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Jeff Kott
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« Reply #35 on: April 22, 2013, 03:56:15 PM »
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Again, focus is but one issue for creating a photo. But: All subjective and objective testing I have seen from the new M concludes that the OVF RF is by far more acurate than focus by EVF peaking/zoom for wides to short tele. As you might know the M have both, so its fairly easy to compare.

The EVF helps with both focus and exposure as I mentioned above.

I've never tried focusing the new M (I didn't realize it has focus peaking). I'm not sure who said the RF is more accurate than an EVF, but I don't believe it. I have had Katz Eye split prism focus screens installed and checked by Katz Eye on my Nikon and Pentax DSLRs, which I've used for several years. there is no way the split prism focus screens are as accurate as the EVF on my NEX 7.

It's pretty common to have a rangefinder camera or lens get out of calibration and you will never know it until you look at the photos, in which case it may be too late. With the EVF, you are seeing what the sensor is "seeing." I don't understand how a rangefinder could be more accurate. This is why so many commentators and users wanted Leica to add live view.

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AlfSollund
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« Reply #36 on: April 23, 2013, 10:04:53 AM »
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The EVF helps with both focus and exposure as I mentioned above.

I've never tried focusing the new M (I didn't realize it has focus peaking). I'm not sure who said the RF is more accurate than an EVF, but I don't believe it. I have had Katz Eye split prism focus screens installed and checked by Katz Eye on my Nikon and Pentax DSLRs, which I've used for several years. there is no way the split prism focus screens are as accurate as the EVF on my NEX 7.

It's pretty common to have a rangefinder camera or lens get out of calibration and you will never know it until you look at the photos, in which case it may be too late. With the EVF, you are seeing what the sensor is "seeing." I don't understand how a rangefinder could be more accurate. This is why so many commentators and users wanted Leica to add live view.



Enjoy:

http://www.luminous-landscape.com/reviews/cameras/i_will_not_buy_that_camera_i_promise.shtml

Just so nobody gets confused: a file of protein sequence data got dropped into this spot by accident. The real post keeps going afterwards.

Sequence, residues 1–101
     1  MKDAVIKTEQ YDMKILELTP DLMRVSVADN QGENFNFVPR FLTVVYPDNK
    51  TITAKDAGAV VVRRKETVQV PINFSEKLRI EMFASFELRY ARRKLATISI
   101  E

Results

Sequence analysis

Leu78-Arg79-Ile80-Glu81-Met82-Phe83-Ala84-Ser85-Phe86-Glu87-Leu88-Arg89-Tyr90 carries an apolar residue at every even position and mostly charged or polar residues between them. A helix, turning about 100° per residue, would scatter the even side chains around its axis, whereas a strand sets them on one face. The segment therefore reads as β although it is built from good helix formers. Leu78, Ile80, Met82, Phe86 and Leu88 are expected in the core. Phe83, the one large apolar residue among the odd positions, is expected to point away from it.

"On a lark, I decided to compare my focus through the EVF with focusing using the rangefinder. My jaw dropped.  The rangefinder was definitely more accurate and more sensitive to very small movements of the focusing ring. I was also reaching the correct focus point much faster.

I remember Leica many years ago claiming that rangefinder focusing was significantly more accurate than focusing on the screen of an SLR. Well folks, it turns out that focusing with the M rangefinder is definitely more accurate than focusing through the EVF even at high magnification with peaking.  It also has the added advantage that unlike the EVF, it is not affected by the lens aperture."

http://tashley1.zenfolio.com/blog/2013/4/the-m-typ-240---leicas-very-grown-up-new-baby-reviewed
"The rangefinder itself seems to have been redesigned and, with my lenses at least, is a great deal more accurate and reliable than on my previous M bodies. So much so, in fact, that for now at least (time will tell if it 'drifts' as the older design was liable to do) I prefer to use the rangefinder rather than the EVF for critical focus. Really. I ran a test with the camera on a tripod and a target at intermediate distance and with each of my six lenses (including an F1 Noctilux) and wide open, I focussed three frames with the RF and three with the EVF and it got every single shot perfect with the RF, whereas the EVF scored two shots out of 18 noticeably 'off'. Kudos to the rangefinder"

and:
http://diglloyd.com/blog/2011/20110302_3-RangefinderFocusing.html
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Jeff Kott
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« Reply #37 on: April 23, 2013, 11:50:39 AM »